On Feb. 10, Wufnik posted an analysis entitled “Surrounded by people ‘educated far beyond their capacity to undertake analytical thought.’” I followed up four days later with “Why America has more education and less to show for it than ever before.” The thrust of these posts was that Americans today have more schooling, but at the same time have lost the ability to think critically. More data, less wisdom.
Then, on Friday, I did an article entitled “Target to require retinal scans and DNA samples of all in-store customers.” As is customary around here, we submitted this piece to a few social networks and news aggregators. If you surf the Diggs and Reddits and Currents and StumbleUpons of the online world, you know to come armed with low expectations for community aptitude. Still, some of these folks are thicker than others. Like this guy, who seemed intent on offering himself up as an example of the point made in the two articles linked at the top:
And the very first line of the article reads:
“Okay, maybe not yet. But we’re definitely getting there.”
Misleading headlines that are deliberate lies designed to outrage you?
I’ll put that website on my ignore list. Besides, the news about Target knowing of a teen’s pregnancy before she did is not new news.
[sigh] In order for a headline to be misleading, it first has to be plausible. If a headline mentioned unicorns flying rocket ships out of my ass, and there weren’t actually any real unicorns or real rocket ships flying out of my ass, then you’d be violated and outraged and blacklisting Web sites left and right, huh?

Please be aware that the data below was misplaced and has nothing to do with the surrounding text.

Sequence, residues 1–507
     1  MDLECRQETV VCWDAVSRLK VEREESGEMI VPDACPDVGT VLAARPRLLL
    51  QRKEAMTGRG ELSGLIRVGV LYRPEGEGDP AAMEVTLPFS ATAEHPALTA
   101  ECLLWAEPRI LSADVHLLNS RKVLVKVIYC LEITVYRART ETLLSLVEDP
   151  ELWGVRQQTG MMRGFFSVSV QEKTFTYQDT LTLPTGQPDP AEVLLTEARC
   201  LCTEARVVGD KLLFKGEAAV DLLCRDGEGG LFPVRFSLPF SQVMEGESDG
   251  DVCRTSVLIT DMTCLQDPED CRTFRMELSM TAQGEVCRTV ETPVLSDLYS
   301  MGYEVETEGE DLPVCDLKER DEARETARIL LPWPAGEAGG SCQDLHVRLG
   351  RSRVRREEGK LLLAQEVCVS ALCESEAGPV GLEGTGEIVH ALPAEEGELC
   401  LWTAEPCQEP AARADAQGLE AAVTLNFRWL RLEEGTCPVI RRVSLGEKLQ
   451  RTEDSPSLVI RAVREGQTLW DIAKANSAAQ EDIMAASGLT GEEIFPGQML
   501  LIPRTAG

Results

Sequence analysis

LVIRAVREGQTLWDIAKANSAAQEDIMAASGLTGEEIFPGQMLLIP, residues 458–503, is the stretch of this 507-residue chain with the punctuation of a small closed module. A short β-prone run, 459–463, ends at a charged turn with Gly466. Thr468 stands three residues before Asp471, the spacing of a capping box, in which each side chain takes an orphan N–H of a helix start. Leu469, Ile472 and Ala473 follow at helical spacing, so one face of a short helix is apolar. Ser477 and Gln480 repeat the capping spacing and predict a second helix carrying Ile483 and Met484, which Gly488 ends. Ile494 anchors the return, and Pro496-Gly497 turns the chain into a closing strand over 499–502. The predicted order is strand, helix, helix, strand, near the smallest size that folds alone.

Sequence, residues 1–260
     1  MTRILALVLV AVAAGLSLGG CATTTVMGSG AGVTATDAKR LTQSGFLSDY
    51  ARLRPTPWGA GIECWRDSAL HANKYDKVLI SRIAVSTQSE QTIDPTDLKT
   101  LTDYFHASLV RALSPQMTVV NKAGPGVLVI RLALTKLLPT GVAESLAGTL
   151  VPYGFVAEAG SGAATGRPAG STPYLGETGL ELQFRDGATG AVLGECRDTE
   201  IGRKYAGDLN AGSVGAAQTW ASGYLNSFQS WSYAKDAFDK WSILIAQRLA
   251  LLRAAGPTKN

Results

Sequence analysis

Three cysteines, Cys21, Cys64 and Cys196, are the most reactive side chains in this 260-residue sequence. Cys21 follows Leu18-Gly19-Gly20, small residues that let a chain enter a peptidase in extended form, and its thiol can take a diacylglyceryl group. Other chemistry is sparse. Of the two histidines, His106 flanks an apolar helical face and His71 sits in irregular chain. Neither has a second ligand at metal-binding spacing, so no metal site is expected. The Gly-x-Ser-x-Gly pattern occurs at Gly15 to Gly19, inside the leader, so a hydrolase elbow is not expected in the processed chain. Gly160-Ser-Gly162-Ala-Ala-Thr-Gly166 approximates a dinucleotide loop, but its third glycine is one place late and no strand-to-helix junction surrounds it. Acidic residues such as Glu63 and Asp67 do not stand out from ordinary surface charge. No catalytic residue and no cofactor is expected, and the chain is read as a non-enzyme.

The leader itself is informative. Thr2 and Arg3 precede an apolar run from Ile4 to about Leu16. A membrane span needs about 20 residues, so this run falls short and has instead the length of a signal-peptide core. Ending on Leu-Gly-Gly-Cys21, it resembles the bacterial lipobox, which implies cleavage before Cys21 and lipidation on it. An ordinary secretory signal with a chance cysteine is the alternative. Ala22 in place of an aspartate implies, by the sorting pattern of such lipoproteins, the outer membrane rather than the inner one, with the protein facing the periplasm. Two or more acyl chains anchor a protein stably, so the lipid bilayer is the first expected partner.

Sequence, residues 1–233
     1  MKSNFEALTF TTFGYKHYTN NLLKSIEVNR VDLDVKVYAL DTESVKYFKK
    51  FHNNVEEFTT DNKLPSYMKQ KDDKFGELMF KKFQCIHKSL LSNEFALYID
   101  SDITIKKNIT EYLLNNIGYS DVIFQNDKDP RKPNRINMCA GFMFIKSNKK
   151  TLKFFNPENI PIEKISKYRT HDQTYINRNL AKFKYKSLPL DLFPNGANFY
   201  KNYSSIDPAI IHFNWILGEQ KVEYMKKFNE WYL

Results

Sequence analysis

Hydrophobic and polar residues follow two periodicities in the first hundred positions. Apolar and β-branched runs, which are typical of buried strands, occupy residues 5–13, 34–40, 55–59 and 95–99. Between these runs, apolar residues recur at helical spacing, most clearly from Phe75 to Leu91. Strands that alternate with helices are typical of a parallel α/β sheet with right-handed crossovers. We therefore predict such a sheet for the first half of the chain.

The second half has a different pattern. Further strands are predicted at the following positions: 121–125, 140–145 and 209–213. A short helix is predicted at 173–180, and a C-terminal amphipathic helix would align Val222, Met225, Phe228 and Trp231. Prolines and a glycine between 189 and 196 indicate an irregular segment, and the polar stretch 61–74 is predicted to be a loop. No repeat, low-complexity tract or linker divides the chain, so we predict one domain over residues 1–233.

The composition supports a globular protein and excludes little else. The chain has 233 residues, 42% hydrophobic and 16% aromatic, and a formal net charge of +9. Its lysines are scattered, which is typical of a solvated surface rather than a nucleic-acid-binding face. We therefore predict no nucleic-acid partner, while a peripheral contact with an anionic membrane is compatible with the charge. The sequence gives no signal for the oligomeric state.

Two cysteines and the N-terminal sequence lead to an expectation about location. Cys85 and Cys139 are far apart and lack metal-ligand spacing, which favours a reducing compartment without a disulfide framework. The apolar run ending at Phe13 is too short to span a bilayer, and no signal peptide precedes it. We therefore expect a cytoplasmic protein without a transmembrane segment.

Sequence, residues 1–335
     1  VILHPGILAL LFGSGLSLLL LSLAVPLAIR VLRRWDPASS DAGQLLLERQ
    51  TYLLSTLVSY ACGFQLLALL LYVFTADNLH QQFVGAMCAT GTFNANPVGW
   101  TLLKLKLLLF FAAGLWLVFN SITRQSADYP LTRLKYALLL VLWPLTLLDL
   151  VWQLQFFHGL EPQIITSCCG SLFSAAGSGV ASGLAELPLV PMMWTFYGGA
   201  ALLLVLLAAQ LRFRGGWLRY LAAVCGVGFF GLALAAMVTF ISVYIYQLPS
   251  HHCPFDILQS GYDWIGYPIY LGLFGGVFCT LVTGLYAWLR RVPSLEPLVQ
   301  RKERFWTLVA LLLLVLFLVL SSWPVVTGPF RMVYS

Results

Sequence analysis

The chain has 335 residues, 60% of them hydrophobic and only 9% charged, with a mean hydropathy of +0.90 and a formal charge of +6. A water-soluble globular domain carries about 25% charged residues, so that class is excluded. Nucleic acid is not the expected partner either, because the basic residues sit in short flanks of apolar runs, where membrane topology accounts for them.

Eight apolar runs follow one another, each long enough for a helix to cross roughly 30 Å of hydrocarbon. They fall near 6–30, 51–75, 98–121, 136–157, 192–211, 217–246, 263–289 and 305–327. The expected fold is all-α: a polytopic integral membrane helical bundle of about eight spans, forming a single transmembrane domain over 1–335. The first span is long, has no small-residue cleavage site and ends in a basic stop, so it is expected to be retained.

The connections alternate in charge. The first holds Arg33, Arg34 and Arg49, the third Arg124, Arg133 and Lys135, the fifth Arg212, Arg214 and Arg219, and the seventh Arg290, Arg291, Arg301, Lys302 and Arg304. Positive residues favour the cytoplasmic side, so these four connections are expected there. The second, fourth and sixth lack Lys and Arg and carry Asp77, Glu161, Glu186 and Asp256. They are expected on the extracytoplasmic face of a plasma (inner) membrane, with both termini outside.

I realize I’m violating my new rule in life, which is fairly simple: ignore idiots. There are more of them than there are of you and every minute you waste trying to enlighten them is a minute you can’t devote to a more productive activity. You know, like chilling with Jersey Shore or watching paint dry. But this one I couldn’t make myself let go. So I replied thusly:
So, just to be clear, you saw the headline “Target to require retinal scans and DNA samples of all in-store customers” and thought it was real?
I started to add that, by the way, I know the story isn’t “new” – my story linked that Forbes article, you dolt. The new part was a few paragraphs down, which you’d know if you had read past the first sentence.
I should be proud of the fact that I’m afforded these kinds of opportunities to participate in such a rich intellectual history. After all, 383 years ago one of this guy’s ancestors wrote an outraged letter to the Dublin Times & Picayune lambasting Jonathan Swift’s suggestion that the “impoverished Irish might ease their economic troubles by selling their children as food for rich gentlemen and ladies.”*
Truly, I’m honored.
* In case the commenter in question is reading, I should probably make clear that this is “satire.” Which is a big word for “pwned” or clowned.